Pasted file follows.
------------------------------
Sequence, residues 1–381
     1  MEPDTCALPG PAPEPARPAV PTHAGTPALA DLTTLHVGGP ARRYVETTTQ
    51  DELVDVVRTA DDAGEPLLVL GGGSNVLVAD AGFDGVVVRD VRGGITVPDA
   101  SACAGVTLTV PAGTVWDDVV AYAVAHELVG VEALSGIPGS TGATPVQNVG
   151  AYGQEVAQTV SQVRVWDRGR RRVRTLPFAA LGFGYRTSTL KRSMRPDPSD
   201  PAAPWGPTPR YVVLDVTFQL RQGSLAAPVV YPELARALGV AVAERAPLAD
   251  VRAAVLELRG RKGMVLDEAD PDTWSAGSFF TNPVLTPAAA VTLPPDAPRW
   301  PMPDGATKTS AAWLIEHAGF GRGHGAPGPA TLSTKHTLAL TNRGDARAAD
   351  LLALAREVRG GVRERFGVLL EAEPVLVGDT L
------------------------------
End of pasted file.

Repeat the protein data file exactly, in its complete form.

Sequence, residues 1–381
     1  MEPDTCALPG PAPEPARPAV PTHAGTPALA DLTTLHVGGP ARRYVETTTQ
    51  DELVDVVRTA DDAGEPLLVL GGGSNVLVAD AGFDGVVVRD VRGGITVPDA
   101  SACAGVTLTV PAGTVWDDVV AYAVAHELVG VEALSGIPGS TGATPVQNVG
   151  AYGQEVAQTV SQVRVWDRGR RRVRTLPFAA LGFGYRTSTL KRSMRPDPSD
   201  PAAPWGPTPR YVVLDVTFQL RQGSLAAPVV YPELARALGV AVAERAPLAD
   251  VRAAVLELRG RKGMVLDEAD PDTWSAGSFF TNPVLTPAAA VTLPPDAPRW
   301  PMPDGATKTS AAWLIEHAGF GRGHGAPGPA TLSTKHTLAL TNRGDARAAD
   351  LLALAREVRG GVRERFGVLL EAEPVLVGDT L